Do you ever pick up a book in a bookstore, and just know that you’re going to love it? And then, some of the time, because that feeling secretly came just from liking the cover, you are horribly wrong. But on that rare, beautiful occasion, you and a book really do connect, and before you know it, you’re reading the ending, and crying your eyes out?
That was definitely my experience with Empire of Sand by Tasha Suri, the first novel in The Books of Ambha duology. I hadn’t heard anyone else talking about the book before I read it, but from the moment I picked it up, I knew that I would love it.
The setting is rich and detailed.
The world that the book is set in, known as Ambha, is inspired by Mughal India, which comes across clearly in Suri’s writing. Everything from the social customs to the manner of dress references the Mughal empire, and yet Suri also does a good job of incorporating new and fantastic elements, making the world its own. The little details of the world are so well done. For example, I love the description of phenomena such as dreamfire. Suri’s lush writing creates vivid imagery throughout the book.
Mehr is my kind of heroine.
From the opening sentences of the book, we learn that Mehr, the main character, owns a dagger. Need I go on? My analysis of her is complete. Just kidding. I relate to Mehr for several reasons. She is prickly, and she knows that she doesn’t perfectly fit in the life that she’s been given. Due to her skin color and her mother’s Amrithi heritage, she’s an outsider in her own home.
Perhaps what I like most about Mehr is that she is incredibly strong, but not in a physical sense. Her great strength is endurance and survival. She outlasts a lot of the bad situations that the Maha, the religious leader who Mehr ends up in servitude to, puts her in. She finds a way to carry on, despite the people who want her destroyed because of her power.
The exploration of race and class dynamics are thought provoking.
Throughout the novel, Suri constantly explores the question of what it means to be an outsider, even one who has privilege. One example of this is that Mehr is the daughter of an influential, wealthy father, and her mother is from a people who are outsiders in the empire. Since Mehr is dark skinned like her mother and other Amrithi, she experiences more overt discimination than her light skinned sister.
Suri also does a good job of highlighting the destructivness of empires. The Ambhan empire is built on the manipulation of gods and the forced servitude of the Amrithi. It could not survive without those whom it subjugates, which is a cruel and unsettling paradox that is true of all empires.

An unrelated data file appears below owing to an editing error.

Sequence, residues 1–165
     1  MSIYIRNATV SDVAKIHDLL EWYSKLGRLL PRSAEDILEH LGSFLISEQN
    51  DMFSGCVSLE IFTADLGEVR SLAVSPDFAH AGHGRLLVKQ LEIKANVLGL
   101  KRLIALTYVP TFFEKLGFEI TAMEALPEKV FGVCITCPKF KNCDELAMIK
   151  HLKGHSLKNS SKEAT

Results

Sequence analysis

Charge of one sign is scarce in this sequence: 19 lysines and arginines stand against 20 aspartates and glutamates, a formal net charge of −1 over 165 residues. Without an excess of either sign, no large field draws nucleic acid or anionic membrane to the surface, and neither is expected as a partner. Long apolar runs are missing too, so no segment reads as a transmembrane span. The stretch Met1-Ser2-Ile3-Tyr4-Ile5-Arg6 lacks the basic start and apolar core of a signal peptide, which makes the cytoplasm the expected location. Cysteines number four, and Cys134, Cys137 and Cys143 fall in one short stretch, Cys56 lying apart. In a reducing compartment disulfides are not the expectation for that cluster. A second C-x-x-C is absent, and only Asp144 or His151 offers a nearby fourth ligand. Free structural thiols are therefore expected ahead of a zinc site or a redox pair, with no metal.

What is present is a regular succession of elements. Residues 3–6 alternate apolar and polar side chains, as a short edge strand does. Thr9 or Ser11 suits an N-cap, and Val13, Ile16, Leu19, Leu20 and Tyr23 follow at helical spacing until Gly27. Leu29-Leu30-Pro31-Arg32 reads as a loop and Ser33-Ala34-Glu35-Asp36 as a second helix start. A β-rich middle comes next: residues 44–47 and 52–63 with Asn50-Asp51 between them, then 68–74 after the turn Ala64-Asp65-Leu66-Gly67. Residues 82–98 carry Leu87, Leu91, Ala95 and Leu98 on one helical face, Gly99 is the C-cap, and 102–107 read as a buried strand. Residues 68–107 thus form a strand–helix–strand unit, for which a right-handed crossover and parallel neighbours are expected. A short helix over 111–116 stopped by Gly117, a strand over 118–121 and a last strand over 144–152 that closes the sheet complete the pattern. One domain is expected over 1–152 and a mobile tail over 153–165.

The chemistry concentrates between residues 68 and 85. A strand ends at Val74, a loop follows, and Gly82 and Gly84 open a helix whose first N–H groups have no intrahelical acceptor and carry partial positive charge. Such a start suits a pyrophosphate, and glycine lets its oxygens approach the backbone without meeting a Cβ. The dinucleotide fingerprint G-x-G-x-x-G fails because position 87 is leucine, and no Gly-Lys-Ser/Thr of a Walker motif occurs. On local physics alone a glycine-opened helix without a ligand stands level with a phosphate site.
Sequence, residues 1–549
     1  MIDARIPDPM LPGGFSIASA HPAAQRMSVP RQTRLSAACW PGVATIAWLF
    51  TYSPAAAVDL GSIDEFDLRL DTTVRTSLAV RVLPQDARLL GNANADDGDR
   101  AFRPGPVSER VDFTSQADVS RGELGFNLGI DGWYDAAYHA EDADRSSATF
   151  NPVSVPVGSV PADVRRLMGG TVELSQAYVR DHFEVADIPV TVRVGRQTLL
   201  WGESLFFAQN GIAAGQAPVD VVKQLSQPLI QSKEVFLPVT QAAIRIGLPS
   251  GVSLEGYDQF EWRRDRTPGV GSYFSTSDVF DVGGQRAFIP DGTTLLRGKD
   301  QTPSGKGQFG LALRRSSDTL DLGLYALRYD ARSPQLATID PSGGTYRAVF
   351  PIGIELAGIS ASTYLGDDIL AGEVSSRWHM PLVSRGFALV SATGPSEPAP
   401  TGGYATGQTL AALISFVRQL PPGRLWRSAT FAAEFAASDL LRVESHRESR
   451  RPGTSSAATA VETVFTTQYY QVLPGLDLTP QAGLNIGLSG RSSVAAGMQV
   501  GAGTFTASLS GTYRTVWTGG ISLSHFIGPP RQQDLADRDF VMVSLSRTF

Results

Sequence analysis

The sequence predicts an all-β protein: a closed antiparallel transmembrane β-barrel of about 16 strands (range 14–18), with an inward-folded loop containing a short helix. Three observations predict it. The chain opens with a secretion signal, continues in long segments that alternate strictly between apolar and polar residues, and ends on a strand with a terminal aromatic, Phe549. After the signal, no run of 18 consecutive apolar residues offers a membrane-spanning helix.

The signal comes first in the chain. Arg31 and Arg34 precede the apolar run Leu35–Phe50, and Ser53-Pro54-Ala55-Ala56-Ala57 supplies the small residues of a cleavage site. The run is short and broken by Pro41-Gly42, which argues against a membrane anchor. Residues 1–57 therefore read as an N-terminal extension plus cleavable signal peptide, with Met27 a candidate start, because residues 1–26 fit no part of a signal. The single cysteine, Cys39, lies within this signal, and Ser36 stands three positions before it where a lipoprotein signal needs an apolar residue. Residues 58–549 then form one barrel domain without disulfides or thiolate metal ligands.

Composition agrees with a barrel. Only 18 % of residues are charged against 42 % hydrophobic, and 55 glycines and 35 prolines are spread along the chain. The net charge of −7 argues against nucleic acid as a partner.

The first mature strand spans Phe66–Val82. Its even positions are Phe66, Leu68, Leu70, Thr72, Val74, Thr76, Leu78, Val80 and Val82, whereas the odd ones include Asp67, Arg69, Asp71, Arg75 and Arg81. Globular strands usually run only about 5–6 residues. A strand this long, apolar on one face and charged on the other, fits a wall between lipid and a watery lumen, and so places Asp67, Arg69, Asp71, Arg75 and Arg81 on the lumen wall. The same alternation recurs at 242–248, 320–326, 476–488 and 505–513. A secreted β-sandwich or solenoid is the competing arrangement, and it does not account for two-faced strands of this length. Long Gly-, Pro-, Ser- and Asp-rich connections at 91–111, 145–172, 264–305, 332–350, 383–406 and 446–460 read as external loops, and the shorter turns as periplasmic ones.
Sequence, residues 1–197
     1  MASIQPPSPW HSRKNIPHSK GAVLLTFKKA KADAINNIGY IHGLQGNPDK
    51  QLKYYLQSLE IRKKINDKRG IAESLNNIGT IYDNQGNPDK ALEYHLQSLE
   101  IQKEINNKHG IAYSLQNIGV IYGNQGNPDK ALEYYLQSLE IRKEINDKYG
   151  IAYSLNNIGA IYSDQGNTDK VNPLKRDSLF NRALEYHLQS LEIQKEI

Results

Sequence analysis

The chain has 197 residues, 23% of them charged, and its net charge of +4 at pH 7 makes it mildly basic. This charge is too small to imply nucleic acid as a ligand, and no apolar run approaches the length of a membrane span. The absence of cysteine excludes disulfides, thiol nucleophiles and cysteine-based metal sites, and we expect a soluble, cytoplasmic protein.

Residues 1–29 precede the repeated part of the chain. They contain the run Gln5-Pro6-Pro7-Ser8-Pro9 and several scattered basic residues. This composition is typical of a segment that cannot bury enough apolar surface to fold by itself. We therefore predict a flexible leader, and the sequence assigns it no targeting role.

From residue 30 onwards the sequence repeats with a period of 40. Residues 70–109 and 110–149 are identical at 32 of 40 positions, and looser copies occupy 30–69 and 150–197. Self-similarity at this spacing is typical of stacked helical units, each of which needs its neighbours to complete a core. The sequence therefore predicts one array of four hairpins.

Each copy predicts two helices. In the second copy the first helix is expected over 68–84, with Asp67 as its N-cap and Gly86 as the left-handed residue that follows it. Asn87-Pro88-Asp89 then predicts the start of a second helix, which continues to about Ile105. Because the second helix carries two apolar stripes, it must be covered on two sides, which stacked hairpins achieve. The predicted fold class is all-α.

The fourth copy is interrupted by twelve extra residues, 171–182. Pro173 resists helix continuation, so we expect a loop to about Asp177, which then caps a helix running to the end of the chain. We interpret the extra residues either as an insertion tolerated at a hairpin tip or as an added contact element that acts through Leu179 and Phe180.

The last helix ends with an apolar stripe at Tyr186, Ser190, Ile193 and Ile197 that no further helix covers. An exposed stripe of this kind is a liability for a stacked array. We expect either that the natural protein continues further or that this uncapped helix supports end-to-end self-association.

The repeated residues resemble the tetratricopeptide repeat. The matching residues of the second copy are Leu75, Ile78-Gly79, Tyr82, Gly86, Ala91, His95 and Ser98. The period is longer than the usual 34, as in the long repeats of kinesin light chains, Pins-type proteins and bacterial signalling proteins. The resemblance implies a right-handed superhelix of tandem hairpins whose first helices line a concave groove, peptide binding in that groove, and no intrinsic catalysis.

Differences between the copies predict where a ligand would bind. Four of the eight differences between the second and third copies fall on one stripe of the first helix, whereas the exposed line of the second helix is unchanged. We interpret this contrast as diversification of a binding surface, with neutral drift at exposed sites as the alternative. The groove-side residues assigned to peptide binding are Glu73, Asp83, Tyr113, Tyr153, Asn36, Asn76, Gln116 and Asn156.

The magic system and the mythology of the world are captivating.
All someone has to do to get me to read a book these days is say “there are gods.” The idea that the Amrithi people possess the ability to subdue the gods and make them sleep is engrossing. Unfortunately, the gods are kept kind of vague. I would have appreciated more detail about who they are and what their abilities are.
The connection between the Amrithi and the daivas is also very interesting. The fact that the Amrithi are descendents of the daiva harkens back to Mughal India. Mehr is a target because of her connection to the daivas, but also receives a measure of protection from them.
The magical rites, and specifically The Rite of Dreaming, are beautifully written. I appreciate the traditional aspect of the rites. Mehr is continuing the legacy of her people through performing the magical rituals, even though the Maha takes advantage of that.
The love story falls a little flat.
Amun, the love interest, is quiet and solemn, which I like. I generally like his personality. I think that there are some points in the book where he lacks chemistry with Mehr, however. Their romance is situational. They have trouble connecting at first, but after enduring a few trials together, they grow closer. Had they met while not under duress, I’m not convinced that they would be together. They do not seem to have enough chemistry on their own, and their connection was truly only from their shared experiences.
I think that their love story would have been better if Suri had given more details about how they felt about each other in the beginning of the novel, before their trials, and also if she had given more indication of Amun’s feelings in general throughout the course of the story.
The villain’s character arc ends badly.
I don’t want to go into much detail for fear of spoilers, but I feel that the conclusion of the villain”s character arc ends poorly. They are built up as an incredibly evil villain who spends the book torturing the main characters to no end, and the end of their story is unsatisfying because the main characters don’t have much of a hand in what happens.
All in all, I really love the world that Suri created here. I can tell that her writing is only going to keep improving.
I highly recommend this book.